How to Party with an Olympian - Macleans.ca
 

How to Party with an Olympian

Where the athletes will be seen and served in Vancouver


 

How to party with an OlympianVancouver restaurateur Jack Evrensel has 615 bottles of champagne—one for each Olympic medallist—ready to be put on ice. The man behind acclaimed hot spots West, Blue Water Café, CinCin and Araxi in Whistler has issued an open invitation to every medal winner to show up at any one of his locations for a complimentary bottle of Nicolas Feuillatte Blue Label Brut. “It’s an opportunity to celebrate,” he says. It’s also a marketing master stroke, even by sponsor-saturated Olympic standards—both his restaurants and the bubbly burnished by Olympic excellence and achievement in one go. Plus the real bonus: patron proximity to the hottest athletes.

Offering an opportunity to party with Olympians has become a cutthroat sport in itself leading up to the Games. It helps if you’re a sponsor, of course. If not, expect to pay. There are day passes running $99 to upwards of $450 to Molson Canadian Hockey House in downtown Vancouver. There, visitors have the chance to brush up against former NHL greats, including Stan Smyl, Hockey House’s official ambassador, as well as Cam Neely, Paul Coffey and even the Great One himself. Additionally, a deal struck between Hockey House and the Canadian Olympic Committee requires all Canadian medallists to put in a command appearance within 48 hours of their win.

Athletes are also expected to flit in and out of their respective country “houses,” many of which are headquartered in bars and restaurants open to the public, such as Switzerland House at Whistler’s Mountain Club Restaurant and Bavaria House at Nicklaus North Golf Club. France House at Whistler’s 21 Steps restaurant, on the other hand, is off limits to anyone but sponsors, guests and media. Nor is there public access to Canada House, located on the sixth floor of the downtown Bay store. Anyone hopeful for a glimpse of ski-crosser Ashleigh McIvor, for instance, will have to hang out at the escalators. A slightly better option would be to show up at Whistler Canada House at the Whistler Public Library, which will be open to the public on Saturdays during the Games.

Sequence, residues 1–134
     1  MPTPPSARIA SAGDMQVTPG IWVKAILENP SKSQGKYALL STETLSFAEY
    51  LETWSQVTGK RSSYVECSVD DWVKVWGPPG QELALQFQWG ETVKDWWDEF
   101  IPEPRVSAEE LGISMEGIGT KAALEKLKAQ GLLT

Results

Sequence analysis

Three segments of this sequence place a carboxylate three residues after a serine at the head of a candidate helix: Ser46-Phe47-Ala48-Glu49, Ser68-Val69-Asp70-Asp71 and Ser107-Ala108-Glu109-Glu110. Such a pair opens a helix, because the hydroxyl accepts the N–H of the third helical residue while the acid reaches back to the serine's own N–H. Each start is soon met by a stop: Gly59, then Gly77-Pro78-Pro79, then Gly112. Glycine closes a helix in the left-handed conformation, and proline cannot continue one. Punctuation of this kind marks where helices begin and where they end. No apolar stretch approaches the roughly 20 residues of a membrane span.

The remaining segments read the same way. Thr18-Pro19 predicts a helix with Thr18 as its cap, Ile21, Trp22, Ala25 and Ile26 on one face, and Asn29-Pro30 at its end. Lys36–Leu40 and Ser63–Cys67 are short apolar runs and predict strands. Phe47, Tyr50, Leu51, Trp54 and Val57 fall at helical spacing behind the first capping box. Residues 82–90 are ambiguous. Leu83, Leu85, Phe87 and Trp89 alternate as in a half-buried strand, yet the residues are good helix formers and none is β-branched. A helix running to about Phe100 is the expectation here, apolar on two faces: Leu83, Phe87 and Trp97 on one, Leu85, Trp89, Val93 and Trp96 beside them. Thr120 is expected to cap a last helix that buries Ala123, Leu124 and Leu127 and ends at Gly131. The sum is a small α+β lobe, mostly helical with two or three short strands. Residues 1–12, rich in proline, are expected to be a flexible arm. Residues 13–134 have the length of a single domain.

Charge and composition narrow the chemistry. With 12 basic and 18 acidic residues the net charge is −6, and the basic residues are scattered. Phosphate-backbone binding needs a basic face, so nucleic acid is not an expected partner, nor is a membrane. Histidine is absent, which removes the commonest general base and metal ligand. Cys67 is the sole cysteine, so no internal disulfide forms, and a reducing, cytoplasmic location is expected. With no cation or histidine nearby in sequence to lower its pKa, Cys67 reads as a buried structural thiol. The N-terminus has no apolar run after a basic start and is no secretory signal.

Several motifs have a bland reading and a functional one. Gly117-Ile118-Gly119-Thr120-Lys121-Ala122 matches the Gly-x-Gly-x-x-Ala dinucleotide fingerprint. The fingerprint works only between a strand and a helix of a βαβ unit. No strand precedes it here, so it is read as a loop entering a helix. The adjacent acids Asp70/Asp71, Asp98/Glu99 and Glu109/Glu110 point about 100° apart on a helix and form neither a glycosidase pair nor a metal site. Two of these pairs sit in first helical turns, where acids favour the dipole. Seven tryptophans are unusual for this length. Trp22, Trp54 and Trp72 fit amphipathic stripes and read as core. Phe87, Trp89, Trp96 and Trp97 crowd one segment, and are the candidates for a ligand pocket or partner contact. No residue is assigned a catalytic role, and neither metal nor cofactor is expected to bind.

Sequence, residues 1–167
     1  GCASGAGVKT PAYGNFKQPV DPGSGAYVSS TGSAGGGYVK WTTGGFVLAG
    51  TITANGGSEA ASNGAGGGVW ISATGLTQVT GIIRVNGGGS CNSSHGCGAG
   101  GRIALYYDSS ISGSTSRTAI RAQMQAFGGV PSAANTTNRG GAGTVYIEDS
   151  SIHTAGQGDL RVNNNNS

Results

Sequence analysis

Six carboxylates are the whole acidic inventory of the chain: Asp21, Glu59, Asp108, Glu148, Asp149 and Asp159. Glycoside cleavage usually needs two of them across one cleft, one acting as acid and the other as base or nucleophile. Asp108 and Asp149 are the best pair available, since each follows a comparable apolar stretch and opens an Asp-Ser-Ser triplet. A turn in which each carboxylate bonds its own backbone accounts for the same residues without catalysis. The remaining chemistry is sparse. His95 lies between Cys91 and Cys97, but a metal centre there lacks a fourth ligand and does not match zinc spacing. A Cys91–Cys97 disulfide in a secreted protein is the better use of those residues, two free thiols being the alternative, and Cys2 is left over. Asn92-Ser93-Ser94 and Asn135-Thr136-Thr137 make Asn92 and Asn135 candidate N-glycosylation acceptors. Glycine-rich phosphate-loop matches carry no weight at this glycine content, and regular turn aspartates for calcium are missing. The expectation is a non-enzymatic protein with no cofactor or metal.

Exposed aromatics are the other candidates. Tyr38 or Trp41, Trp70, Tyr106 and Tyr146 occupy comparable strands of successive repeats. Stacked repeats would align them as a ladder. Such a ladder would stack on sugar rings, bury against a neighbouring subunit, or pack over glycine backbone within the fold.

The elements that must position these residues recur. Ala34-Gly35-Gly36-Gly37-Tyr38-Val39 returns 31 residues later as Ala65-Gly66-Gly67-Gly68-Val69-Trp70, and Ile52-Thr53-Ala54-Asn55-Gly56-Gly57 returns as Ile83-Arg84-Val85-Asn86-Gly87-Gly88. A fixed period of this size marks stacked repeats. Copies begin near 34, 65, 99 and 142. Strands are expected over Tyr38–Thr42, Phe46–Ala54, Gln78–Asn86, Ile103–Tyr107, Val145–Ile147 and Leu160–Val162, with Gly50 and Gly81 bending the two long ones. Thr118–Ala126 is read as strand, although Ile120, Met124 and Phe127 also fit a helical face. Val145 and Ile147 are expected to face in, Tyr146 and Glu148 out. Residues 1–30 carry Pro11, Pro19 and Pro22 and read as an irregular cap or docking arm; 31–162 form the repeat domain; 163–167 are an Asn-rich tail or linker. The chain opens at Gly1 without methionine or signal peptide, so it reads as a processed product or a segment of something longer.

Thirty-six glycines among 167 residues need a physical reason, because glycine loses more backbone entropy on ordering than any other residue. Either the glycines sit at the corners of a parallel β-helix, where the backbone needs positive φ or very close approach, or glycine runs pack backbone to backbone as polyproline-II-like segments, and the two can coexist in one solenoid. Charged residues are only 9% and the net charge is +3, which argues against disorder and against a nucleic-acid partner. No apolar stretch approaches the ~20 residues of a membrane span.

The throngs wishing to rub up against Canada’s snowboard team could have their wish granted at the Cellar, the official home of the Canadian Snowboard Federation during the Games. Tania Richards, the Cellar’s marketing director, says there’s already been huge interest from young women keen to meet Matthew Morison and his mates.

The best partying with athletes, however, might not be with actual medal winners at all. The Jamaican bobsled team, disqualified from competition, has set up its base camp at the Savage Beagle in Whistler nonetheless. “They’re representing Jamaica as ambassadors,” says the club’s spokesperson, Nicole Athoff. The admission price for the upstairs lounge, where the athletes will hang and a Jamaican flavour will prevail, has yet to be decided. Another athlete party nexus is destined to be upstairs from the Cellar behind Doolin’s Irish Pub. There, the Olympic Council of Ireland has set up Irish House, a 9,000-sq.-foot, 750-person capacity space. The Irish athletes figure they’ll be done early and ready for some world-class drinking, Richards says. Too bad there aren’t any medals for that.


 

How to Party with an Olympian

  1. Congratulations to all the winner. I look forward in watching you next time.